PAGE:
Augmenting abnormal data to avoid overlooking anomalies
Anomaly detection in industrial products using image discrimination methods
Partner(s)：Matsuda Electric industry place
Researcher(s)：Takuya Yaguchi (Supervisor: Maiko Shigeno)
Background and issues
Anomaly detection (the operation of eliminating manufactured industrial products that are considered to be abnormal because they differ from the expected quality) is an important process at manufacturing sites of industrial products. On the other hand, the demand for automation of this operation has grown in recent years due to costs and differences in skills, as well as the issue of manpower shortage.
The present research is a joint project with Matsuda Denki Kogyosho Co., Ltd. (referred to as M), an automotive parts manufacturer. The area of research is restricted to product inspection, and only image data are considered.
The most commonly used method of anomaly detection is called deep anomaly detection (DAD), and is based on deep neural networks. However, it requires the preparation of a large quantity of data containing normal and abnormal labels for learning. The data-gathering process becomes difficult because in general, abnormalities do not occur frequently.
A popular approach to address this problem is data augmentation (DA) in image recognition tasks. DA is a technique to increase the volume of data by performing horizontal reversal of images, displacement, etc.
In the present research, in order to create a high-performance discriminative model for anomaly detection, we concentrate on overcoming the data shortage problem for supervised DAD and perform image data augmentation based on synthetic images to complement abnormal data. We then test the effectiveness by comparing the accuracies of a model learned by using real abnormal images and a model learned by using synthetic images.
Image data of car parts gathered at M’s manufacturing site are used as the data set. The three following conditions must be fulfilled, as agreed in interviews with M: to correctly discriminate all abnormal parts and at least 80% of normal parts; to discriminate an input image within one second; and to exhibit a visualization that makes it possible for the worker to confirm the reason for the discrimination.
The abnormal synthetic image is generated by attaching an image corresponding to the abnormal region of the abnormal image (abnormal pattern) to a normal image. In that process, the area where the abnormal pattern is attached and the shape and color of the abnormal pattern are randomized.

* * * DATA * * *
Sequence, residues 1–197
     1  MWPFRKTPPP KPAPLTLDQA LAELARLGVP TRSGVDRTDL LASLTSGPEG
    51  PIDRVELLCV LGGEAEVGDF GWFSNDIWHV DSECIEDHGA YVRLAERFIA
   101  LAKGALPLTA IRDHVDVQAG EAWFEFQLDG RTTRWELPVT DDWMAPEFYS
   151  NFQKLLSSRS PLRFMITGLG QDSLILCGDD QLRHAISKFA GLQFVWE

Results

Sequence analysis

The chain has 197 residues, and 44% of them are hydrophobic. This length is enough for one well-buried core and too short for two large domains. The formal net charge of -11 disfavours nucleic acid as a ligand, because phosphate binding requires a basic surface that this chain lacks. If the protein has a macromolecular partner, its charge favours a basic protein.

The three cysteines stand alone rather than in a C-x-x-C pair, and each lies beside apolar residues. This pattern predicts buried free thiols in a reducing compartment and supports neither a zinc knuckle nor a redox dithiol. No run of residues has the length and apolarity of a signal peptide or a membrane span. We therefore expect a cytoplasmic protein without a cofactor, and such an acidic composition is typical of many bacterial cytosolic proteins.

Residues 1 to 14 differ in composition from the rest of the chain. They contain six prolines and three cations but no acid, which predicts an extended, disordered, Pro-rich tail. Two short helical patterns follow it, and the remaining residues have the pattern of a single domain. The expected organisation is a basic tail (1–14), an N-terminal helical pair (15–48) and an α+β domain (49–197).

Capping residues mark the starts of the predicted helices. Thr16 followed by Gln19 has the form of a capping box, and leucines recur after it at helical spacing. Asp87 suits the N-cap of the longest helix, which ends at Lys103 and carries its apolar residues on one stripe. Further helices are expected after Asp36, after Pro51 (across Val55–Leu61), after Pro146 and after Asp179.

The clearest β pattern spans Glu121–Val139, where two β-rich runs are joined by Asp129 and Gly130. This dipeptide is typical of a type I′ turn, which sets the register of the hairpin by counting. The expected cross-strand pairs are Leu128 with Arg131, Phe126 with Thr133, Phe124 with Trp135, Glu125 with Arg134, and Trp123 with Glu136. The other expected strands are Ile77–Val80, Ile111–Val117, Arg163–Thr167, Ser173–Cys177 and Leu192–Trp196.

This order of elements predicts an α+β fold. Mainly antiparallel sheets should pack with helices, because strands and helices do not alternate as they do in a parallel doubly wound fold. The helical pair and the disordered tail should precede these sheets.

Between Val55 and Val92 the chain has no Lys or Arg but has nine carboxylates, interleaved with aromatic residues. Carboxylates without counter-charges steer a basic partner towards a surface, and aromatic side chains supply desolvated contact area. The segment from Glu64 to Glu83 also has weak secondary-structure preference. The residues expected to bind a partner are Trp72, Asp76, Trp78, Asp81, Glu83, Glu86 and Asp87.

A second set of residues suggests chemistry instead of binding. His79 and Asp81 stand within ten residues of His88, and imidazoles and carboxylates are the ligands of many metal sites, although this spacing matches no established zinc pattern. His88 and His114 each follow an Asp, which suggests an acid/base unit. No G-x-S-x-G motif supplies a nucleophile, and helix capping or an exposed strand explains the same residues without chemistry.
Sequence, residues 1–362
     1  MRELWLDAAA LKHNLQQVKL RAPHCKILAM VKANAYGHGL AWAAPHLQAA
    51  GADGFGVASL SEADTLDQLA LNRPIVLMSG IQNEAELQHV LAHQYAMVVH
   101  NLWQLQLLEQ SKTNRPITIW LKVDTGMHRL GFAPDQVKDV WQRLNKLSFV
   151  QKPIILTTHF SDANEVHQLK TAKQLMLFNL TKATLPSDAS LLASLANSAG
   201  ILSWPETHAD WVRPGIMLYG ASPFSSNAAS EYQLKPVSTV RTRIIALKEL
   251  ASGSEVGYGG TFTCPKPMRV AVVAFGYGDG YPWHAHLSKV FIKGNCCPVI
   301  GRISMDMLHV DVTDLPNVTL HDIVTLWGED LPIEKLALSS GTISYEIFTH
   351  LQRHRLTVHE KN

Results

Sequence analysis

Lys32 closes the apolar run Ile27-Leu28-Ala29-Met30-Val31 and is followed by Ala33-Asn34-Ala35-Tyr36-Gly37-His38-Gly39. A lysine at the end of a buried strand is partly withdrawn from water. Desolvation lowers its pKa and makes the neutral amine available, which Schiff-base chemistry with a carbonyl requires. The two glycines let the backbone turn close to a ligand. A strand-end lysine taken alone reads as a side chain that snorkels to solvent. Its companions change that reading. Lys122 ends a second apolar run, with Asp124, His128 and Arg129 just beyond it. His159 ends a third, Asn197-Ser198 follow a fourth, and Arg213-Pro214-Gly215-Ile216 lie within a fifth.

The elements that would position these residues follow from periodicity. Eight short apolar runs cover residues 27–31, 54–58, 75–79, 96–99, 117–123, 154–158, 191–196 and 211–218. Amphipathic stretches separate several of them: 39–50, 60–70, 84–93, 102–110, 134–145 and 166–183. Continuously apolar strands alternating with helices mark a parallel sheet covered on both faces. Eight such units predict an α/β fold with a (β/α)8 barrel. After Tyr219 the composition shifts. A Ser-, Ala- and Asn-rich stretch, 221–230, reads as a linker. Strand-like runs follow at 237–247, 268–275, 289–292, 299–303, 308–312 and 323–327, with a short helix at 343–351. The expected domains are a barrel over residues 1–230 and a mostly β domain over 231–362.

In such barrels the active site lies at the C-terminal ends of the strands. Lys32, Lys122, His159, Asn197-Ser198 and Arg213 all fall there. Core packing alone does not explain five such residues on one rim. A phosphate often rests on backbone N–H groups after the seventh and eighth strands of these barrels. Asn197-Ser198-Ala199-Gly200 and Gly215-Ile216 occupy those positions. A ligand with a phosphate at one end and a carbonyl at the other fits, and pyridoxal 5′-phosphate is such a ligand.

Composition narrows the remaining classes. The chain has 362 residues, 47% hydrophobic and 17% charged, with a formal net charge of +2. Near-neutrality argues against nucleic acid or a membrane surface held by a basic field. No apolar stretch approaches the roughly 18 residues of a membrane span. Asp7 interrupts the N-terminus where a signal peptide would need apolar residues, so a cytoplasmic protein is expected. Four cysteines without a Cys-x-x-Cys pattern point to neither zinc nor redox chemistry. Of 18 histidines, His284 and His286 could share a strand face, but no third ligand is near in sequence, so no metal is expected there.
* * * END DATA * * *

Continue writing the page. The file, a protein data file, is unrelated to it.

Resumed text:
However, if an abnormal pattern is attached to an arbitrary place within the image, there is a possibility that the abnormality will remain in the background, and the object itself remains normal. Therefore, the place where an abnormal pattern is attached is restricted to regions within the image where abnormalities can occur. For this reason, as a prior data formation process, we distinguish within each image the areas corresponding to object and background.
The data sets used consist of image data of three types of car parts (Figure 1). When observed closely, in some cases, a black spot can be seen on the front surface. This abnormality is called the “spot”. The size of all RGB image data of the data set is 1024 × 1024 pixels.
The data set is composed as follows: part A, with 108 normal and seven abnormal data items; part B, with 108 normal and six abnormal data items; and part C, with 146 normal and eight abnormal data items. They exhibit the characteristics that abnormal portions are small (the region corresponding to a “spot” is about 10 × 10 pixels in size, compared to the 1024 × 1024 pixels of the entire image), and the illumination and angle of all images are uniform, but the background is not.
Figure 1: Images of three types of automotive parts (the top rectangles show the “spot”, and those at the bottom are expanded views).
- Flow of the proposed method
The flow of the proposed method is as follows.
(1) Extract abnormal patterns from abnormal images for learning.
(2) Store all normal images for learning in an empty normal class.
(3) Copy all images of the normal class and store in an empty abnormal class.